Is Putin the reason my house is so cold?

Justin Webb is normally one of the least self-righteous BBC presenters, but he was out-Maitlising rivals on the Today programme on Tuesday. In that special, shocked tone broadcasters usually reserve for stories about racism or paedophilia, Webb contrasted ‘the final goodbyes not said’ by those who followed the rules with the Prime Minister’s birthday party/gathering in the Cabinet Room. He quoted Adam Wagner, ‘the human rights lawyer and Covid rules expert’, that it had been ‘obviously a birthday party’. It was ‘not denied’, Webb gravely intoned, ‘there was birthday cake’. How does he prevent himself bursting out laughing? The longer this story runs, now with added police, the more preposterous

Is Cambridge university ashamed of Winston Churchill?

When I first started at Churchill College, Cambridge, I was proud that I had joined an institution whose very existence was a testament to the legacy of a personal and national hero. As I walked around the college grounds, I felt that I was now part of a community that was much bigger than myself; a community partly defined by the life and times of our country’s greatest leader. Standing for the college toast at my first formal dinner, the words ‘To Sir Winston, and the Queen’ almost made me believe that my own life was now, in a small but important way, linked to the life of the great

The legacy of Stephen Toope

Stephen Toope, Vice-Chancellor of Cambridge University, has begun this academic year by announcing it will be his last in the post. Professor Toope says, no doubt truthfully, that he wants to see more of his Canadian family, dissevered from him by Covid. But I think it reasonable to relate his departure to wider issues. When he arrived in 2017, the ‘Golden Era’ of UK/Chinese relations still, in theory, existed. Cambridge uncritically welcomed Chinese government and business participation. In 2019, speaking in China, Professor Toope hailed the China Development Forum’s ‘Greater Opening Up for Win-Win Cooperation’ and praised President Xi Jinping’s Belt and Road Initiative. A preface composed in his name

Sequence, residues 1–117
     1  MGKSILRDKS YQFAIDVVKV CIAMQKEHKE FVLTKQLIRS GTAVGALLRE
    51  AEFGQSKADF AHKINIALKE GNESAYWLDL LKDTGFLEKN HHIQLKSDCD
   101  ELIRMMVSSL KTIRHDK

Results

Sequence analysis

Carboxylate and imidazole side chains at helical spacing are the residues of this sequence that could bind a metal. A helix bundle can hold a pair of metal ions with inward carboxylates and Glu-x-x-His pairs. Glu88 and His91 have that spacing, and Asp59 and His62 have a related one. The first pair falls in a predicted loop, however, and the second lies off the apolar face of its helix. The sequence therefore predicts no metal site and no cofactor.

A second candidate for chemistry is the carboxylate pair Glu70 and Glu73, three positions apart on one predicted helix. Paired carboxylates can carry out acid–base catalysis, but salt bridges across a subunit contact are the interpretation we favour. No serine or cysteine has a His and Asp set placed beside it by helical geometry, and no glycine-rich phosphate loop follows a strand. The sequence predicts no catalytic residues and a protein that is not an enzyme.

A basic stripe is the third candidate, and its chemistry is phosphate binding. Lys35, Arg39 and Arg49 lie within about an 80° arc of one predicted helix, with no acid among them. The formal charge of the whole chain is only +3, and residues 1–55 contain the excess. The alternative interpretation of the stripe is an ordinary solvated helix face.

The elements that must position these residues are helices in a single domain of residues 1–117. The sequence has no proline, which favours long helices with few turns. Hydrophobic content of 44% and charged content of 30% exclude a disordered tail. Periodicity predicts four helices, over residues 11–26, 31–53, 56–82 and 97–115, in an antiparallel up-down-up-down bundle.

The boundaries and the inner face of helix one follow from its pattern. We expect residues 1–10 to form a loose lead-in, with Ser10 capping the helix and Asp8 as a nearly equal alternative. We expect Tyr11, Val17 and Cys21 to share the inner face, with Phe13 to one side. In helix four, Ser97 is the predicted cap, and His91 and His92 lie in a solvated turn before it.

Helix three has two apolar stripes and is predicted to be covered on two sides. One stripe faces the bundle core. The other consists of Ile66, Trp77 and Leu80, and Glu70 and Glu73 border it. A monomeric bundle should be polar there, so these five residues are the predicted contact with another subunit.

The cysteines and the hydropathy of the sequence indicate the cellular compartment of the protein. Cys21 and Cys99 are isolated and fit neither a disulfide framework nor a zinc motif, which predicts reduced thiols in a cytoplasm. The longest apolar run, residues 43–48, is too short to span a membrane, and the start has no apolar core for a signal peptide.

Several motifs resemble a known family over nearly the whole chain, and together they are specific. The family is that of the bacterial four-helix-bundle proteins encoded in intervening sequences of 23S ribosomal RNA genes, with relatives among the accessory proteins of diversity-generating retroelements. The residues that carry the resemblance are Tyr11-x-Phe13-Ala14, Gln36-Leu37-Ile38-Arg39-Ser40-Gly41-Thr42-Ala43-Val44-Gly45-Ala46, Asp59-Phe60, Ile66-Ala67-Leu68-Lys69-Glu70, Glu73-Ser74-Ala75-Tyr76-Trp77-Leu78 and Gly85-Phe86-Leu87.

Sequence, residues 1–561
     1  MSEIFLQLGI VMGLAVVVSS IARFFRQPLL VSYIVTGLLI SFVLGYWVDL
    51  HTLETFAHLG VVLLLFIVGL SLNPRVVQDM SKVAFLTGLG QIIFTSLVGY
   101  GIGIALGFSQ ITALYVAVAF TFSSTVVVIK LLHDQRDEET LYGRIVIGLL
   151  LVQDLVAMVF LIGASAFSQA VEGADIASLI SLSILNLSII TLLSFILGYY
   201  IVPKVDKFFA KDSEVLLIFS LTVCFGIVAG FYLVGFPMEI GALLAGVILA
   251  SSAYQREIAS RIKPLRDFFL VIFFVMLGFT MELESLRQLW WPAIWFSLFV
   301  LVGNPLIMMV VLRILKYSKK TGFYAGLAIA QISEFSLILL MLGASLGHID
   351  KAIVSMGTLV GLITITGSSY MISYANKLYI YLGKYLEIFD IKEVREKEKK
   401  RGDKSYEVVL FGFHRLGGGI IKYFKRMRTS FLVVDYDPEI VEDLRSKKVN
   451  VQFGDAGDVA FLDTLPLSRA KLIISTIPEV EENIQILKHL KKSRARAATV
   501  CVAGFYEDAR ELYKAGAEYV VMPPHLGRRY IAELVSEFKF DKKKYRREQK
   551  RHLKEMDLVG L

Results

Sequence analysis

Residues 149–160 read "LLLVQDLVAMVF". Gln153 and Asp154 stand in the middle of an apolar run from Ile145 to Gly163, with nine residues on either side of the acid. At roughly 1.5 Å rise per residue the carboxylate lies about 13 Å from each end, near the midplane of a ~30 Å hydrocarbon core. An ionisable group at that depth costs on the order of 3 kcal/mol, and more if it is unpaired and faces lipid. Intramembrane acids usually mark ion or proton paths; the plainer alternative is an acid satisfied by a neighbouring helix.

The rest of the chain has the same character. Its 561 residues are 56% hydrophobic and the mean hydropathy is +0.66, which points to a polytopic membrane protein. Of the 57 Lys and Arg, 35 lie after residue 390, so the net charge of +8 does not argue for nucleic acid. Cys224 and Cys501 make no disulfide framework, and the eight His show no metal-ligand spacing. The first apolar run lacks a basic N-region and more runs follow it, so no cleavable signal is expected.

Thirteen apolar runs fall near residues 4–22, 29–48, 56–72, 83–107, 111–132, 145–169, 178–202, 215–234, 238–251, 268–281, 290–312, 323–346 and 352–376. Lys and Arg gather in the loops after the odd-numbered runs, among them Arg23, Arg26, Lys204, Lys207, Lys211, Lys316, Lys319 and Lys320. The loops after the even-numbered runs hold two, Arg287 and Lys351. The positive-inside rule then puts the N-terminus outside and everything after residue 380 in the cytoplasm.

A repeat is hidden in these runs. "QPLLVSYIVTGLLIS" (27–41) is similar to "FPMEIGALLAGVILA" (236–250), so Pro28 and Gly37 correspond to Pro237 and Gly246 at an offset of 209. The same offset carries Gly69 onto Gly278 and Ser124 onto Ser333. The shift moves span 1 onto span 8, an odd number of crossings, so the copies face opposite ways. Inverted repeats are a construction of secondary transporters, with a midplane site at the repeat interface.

China tightens its grip on Cambridge

The revelations this week of the alarming influence of Huawei within the Cambridge Centre for Chinese Management provide the latest evidence of the tightening grip of China on Britain’s leading university. The Times reports that three out of four directors of the centre — part of the university’s Judge Business School — have ties to the telecoms giant, which has close links to the Chinese Communist party. The centre’s ‘chief representative’ is a former vice-president of the company who has been paid by the Chinese government. An honorary fellow of the centre wrote a book praising Huawei’s ‘ability to transform the intellectual elite into a band of soldiers with the

How the ancients showed their true colours

In the 18th century, art historians’ admiration for the beauty of white-ish ancient Greek marble statuary led people to draw conclusions, on the back of their belief in classical ‘authority’, about white superiority. This, we are told, turned many classicists into racists. Today some members of the Cambridge Classics Faculty feel the white-ish plaster-cast replicas of those statues in their museum ‘entrench[es] racism’ in the same way. Their proposal is to put up a notice about it. Wow. Go, Cambridge! That’ll show those racists! And surely those still disgustingly white originals all over the world need notices as well. Two things need to be said. This is a modern ‘problem’: